Book List

March 11, 2008 update: So I went on vacation, and took along Danny Meyer’s Setting the Table: The Transforming Power of Hospitality in Business. Danny had written an endorsement for my book, so I thought it only fair to read his.

The bottom line: an amazingly fast, entertaining, and instructive read. Setting the Table should have made the list of the twenty recommended titles included in The Art of Client Service. It didn’t because I neglected to read it sooner, but the least I can do is add it to the list now.

Here’s what I wrote in the review I posted on Amazon:

An Advertising Book in Disguise

I was about to leave for vacation, and was looking for a beach read. Danny Meyer had been generous enough to supply an endorsement for my book, The Art of Client Service, so the least I could do was buy his book.

I am very glad I did.

Setting the Table certainly is a book on how to provide superior hospitality to customers, but it’s more than that: it’s the best book I’ve read on what it means to provide service to clients in ANY business. Its candor, humility, and generosity of spirit are reflected in all the lessons Danny learned, applied, and now recounts as he grew to be a leader.

My only quibble, and it is a small one, is that the book lacks an index. I assume this was a conscious decision on Danny’s part, possibly because he does not view Setting the Table as a “how to” guide. But the reality is, the book is loaded with practical advice on how to build and sustain enduring client relationships. An index would help readers refer to lessons that inspired or motivated them.

My one regret is that I failed to include Setting the Table in my book’s annotated bibliography of the 20 titles advertising people should read. I will, however, add it to the Art of Client Service website. And most important of all, I will recommend the book to all my advertising industry colleagues.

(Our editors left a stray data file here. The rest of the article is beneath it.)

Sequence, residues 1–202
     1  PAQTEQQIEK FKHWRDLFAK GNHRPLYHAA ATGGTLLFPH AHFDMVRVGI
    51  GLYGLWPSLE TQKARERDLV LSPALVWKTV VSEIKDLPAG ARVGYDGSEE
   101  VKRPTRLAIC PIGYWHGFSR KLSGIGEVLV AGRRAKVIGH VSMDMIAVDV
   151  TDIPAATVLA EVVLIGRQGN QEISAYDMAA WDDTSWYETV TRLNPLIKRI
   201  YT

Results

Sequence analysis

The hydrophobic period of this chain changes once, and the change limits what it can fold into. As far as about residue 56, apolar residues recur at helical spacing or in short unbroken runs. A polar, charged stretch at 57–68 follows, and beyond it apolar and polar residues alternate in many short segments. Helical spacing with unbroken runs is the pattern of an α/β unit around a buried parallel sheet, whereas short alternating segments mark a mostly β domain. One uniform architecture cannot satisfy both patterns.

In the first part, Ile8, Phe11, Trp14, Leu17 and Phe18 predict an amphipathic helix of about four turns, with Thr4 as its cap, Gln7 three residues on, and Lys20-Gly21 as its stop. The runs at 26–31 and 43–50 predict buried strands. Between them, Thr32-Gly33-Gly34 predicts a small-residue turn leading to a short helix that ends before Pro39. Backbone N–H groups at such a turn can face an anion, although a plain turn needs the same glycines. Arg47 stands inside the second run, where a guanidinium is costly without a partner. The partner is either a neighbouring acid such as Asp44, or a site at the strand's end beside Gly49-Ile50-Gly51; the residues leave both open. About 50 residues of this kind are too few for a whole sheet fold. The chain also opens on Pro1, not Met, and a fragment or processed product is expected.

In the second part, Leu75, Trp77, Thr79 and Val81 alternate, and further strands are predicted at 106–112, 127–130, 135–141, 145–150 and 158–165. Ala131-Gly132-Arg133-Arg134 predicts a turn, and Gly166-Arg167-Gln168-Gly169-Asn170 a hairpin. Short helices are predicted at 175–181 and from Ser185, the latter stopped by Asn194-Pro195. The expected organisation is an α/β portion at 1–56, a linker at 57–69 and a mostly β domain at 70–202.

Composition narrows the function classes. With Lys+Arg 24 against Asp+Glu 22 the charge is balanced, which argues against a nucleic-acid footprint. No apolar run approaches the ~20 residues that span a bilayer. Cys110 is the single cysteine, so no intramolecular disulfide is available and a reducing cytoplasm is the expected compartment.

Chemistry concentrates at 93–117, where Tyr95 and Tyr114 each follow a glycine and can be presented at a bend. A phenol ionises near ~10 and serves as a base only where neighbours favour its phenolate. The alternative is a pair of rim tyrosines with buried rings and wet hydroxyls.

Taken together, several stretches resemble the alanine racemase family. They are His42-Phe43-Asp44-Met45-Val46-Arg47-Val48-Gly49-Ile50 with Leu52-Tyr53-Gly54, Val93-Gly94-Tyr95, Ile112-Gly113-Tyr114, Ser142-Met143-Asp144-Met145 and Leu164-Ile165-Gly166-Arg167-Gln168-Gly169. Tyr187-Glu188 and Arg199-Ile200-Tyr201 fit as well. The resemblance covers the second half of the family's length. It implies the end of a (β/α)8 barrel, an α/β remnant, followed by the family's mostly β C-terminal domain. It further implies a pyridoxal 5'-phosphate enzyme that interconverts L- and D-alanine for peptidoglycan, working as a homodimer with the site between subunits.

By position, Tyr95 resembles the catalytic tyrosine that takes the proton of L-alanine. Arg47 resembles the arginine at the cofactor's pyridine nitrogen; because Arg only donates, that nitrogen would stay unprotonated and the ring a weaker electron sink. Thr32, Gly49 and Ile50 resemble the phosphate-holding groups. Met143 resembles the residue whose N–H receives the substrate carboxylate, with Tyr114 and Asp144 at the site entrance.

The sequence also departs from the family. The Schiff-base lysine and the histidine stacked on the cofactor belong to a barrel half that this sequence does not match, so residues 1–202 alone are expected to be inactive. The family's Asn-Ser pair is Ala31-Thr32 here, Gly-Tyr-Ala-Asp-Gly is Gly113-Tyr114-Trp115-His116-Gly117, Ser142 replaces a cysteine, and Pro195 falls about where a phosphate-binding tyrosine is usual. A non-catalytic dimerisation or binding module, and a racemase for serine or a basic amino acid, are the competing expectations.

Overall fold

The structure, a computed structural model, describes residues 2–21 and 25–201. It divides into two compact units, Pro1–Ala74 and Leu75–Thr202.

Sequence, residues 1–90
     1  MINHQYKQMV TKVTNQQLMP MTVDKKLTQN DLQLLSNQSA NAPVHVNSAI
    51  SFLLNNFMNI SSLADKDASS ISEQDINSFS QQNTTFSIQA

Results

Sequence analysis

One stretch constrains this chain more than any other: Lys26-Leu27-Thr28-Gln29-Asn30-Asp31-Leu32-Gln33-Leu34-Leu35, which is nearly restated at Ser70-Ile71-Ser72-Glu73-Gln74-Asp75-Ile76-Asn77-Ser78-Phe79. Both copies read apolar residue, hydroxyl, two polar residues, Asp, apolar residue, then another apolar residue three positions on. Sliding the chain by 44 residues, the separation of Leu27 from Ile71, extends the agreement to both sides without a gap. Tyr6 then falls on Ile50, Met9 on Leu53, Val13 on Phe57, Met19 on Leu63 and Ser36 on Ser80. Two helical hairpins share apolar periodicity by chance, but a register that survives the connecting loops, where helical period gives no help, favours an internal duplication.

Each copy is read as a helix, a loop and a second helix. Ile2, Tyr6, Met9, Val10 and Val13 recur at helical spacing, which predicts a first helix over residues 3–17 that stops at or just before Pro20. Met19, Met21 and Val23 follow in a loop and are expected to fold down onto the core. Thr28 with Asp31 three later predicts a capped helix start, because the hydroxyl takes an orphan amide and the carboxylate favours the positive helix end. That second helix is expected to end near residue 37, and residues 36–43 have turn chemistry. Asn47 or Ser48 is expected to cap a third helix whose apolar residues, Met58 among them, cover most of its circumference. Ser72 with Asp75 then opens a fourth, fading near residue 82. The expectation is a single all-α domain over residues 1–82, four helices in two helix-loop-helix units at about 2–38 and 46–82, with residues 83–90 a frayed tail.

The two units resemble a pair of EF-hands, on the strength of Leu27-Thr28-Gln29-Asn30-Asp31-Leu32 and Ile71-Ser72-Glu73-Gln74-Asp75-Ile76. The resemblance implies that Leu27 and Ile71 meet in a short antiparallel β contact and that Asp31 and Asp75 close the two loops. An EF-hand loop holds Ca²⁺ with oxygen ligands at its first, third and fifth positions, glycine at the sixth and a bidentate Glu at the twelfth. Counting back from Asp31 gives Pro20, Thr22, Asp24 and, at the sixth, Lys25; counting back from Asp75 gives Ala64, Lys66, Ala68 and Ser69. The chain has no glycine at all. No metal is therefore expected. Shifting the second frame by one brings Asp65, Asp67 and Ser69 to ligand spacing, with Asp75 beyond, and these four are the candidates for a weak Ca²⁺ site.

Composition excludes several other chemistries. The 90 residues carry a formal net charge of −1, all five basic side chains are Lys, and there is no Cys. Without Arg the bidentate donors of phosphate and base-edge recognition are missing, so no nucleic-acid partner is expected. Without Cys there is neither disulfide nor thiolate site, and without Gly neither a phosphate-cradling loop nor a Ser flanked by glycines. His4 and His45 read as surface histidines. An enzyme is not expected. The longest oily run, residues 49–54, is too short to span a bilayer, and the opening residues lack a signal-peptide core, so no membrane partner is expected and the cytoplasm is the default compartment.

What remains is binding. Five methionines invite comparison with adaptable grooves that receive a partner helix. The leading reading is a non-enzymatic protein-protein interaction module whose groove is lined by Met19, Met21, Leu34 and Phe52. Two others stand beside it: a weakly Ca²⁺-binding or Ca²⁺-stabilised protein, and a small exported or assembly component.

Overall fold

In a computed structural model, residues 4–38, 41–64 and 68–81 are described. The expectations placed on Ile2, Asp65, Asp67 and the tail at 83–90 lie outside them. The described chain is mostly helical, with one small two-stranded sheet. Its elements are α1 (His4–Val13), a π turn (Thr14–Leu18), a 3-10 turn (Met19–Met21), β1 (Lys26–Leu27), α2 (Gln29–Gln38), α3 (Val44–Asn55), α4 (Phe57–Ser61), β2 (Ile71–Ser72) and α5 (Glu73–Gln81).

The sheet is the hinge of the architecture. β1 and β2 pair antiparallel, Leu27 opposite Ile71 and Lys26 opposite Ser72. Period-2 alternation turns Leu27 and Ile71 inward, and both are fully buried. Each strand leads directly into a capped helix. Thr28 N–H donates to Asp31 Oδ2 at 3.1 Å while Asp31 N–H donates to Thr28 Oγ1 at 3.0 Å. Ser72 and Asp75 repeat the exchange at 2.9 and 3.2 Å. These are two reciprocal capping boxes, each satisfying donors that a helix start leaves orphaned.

The other twenty books remain the same. Here they are:


  1. Strunk, William, and E. B. White. The Elements of Style, 4th ed.
    (Allyn & Bacon, 2000).
  2. Zinsser, William. On Writing Well, 6th ed.
    (Harper-Perennial, 1998).
  3. Roman, Kenneth, and Joel Raphaelson. Writing That Works
    (Quill/HarperCollins, 2000).
  4. Hoff, Ron. I Can See You Naked
    (Andrews and McNeel,1992).


  1. Maister, David H., Charles H. Green, and Robert M. Galford. The Trusted Advisor
    (Free Press, 2000).
  2. Sheth, Jagdish, and Andrew Sobel. Clients for Life
    (Simon & Schuster, 2000).
  3. Solomon, Robert. The Art of Client Service
    (Kaplan, 2008).


  1. Monahan, Tom. The Do-It-Yourself Lobotomy
    (John Wiley & Sons, 2002).
  2. Sullivan, Luke. Hey Whipple, Squeeze This
    (John Wiley & Sons, 1998).
  3. Ogilvy, David. Ogilvy on Advertising
    (Vintage Books, 1985).


  1. Ries, Al, and Jack Trout. Positioning: The Battle for Your Mind
    (McGraw-Hill Trade, 2000).
  2. Morgan, Adam. Eating the Big Fish
    (John Wiley & Sons, 1999).
  3. Steel, Jon. Truth, Lies, and Advertising
    (John Wiley & Sons, 1998).
  4. Gladwell, Malcolm. The Tipping Point
    (Little, Brown & Company, 2000).


  1. Collins, Jim. Good to Great
    (HarperBusiness, 2001).


  1. Fallon, Pat, and Fed Senn. Juicing the Orange
    (Boston: Harvard Business School Press, 2006).
  2. Gladwell, Malcolm. Blink: The Power of Thinking Without Thinking
    (Boston: Little, Brown and Company, 2005).
  3. Kelley, Tom, and Jonathan Littman. The Art of Innovation
    (New York: Doubleday, 2001).
  4. Neumeier, Marty. The Brand Gap: How to Bridge the Distance Between Business Strategy and Design
    (Indianapolis, IN: New Riders, 2006).
  5. Verklin, David, and Bernice Kanner. Watch This Listen Up Click Here (Hoboken, NJ: John Wiley & Sons, 2007).